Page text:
Today I baked a blueberry, lavender and honey cake from Norfolk's Own Cookbook in advance of a lunch party tomorrow. I'm very pleased with it. It's definitely a seasonal cake as you need fresh lavender. Can't wait! 
Sandwiched with fresh blueberries, blueberry jam
and lavender buttercream

Bee Buzz 

Check out this story about bee hives in central Dublin published in The Irish Times (18th June 2016).
 Or this story about a bee hive installation at the Royal Botanical Gardens at Kew (The Guardian, 17th June 2016). 
Here's a story about a farmer in India using bees to keep elephants away from his property (The Times of India, 21st May 2016). 

29 May, 2016

May Fare

Fete-ful Fudge Fest 

Last year I was asked to make fudge for a parish fete. This year I was asked to do so again and invited to assist at the stall where the fudge would be sold. I agreed to both and the fudge-making began five days beforehand (16th May). I decided to try different recipes: one from a recipe book sold many years ago in aid of St Patrick's Cathedral, Dublin, one cut out of a magazine and one downloaded from a commercial website. All three required different types of sugar, or different types of milk (evaporated, condensed or ordinary) or a combination of two. Altogether I made four batches, including one with fruit and nut. What a blissful week that was!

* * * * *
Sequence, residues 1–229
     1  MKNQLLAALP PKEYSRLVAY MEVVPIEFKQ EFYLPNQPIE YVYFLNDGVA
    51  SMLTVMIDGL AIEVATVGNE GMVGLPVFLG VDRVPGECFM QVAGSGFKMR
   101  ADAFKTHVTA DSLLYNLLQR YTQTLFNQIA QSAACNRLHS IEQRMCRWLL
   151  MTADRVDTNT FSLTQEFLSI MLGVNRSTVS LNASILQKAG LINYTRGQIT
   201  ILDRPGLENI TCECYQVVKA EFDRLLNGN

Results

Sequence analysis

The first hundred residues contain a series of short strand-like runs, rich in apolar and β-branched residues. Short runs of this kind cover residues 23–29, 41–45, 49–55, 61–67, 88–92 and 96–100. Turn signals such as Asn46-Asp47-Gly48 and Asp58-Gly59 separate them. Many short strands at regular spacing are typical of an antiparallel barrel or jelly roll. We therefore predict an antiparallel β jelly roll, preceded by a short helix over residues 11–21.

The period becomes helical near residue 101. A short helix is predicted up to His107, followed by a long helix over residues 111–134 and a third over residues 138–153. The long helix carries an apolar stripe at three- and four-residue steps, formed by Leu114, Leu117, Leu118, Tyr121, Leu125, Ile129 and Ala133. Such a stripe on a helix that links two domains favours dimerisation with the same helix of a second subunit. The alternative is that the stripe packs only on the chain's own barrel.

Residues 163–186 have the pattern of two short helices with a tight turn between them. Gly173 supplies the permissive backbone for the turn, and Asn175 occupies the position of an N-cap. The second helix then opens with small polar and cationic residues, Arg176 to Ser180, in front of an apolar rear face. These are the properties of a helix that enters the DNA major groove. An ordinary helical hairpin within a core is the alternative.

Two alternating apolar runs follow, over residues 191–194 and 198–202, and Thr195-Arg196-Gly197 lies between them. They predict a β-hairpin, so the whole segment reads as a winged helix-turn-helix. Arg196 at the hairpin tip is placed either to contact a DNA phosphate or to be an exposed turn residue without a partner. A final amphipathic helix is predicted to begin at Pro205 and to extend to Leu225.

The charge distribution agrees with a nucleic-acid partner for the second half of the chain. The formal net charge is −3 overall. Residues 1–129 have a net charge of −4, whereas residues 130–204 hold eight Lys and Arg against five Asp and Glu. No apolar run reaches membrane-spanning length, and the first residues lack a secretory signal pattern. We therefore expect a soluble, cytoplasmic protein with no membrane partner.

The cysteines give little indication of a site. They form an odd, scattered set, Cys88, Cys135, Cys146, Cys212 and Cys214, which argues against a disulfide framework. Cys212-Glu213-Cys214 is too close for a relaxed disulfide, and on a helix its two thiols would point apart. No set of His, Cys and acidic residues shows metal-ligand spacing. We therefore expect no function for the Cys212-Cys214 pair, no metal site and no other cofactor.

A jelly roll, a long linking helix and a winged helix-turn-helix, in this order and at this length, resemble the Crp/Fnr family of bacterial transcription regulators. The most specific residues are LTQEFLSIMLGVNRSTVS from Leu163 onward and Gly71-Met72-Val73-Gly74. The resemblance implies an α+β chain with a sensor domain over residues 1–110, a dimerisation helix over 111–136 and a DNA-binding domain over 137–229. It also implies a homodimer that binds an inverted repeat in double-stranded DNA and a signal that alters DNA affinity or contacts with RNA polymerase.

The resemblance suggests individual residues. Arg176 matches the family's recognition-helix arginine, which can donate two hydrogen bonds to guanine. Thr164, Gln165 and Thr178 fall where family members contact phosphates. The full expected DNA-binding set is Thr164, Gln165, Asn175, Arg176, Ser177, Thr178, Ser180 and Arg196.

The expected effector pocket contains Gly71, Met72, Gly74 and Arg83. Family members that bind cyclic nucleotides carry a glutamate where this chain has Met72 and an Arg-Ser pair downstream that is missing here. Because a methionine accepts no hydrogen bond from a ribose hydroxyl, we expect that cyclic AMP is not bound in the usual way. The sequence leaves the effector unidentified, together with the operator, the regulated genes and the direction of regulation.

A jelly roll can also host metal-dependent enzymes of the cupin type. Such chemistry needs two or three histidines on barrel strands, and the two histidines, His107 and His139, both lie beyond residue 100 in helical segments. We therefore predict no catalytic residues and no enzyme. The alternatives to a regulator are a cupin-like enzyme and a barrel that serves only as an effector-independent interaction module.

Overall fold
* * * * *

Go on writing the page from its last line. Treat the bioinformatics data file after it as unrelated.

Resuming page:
This haiku by "Amanda in Scarlet" sums up my feelings for fudge: 


Layers and folds yield 
to pressure, tongue sinks - dissolves 
into soft, sweet bliss.
Training Days 


Wholewheat scones: worthy but dull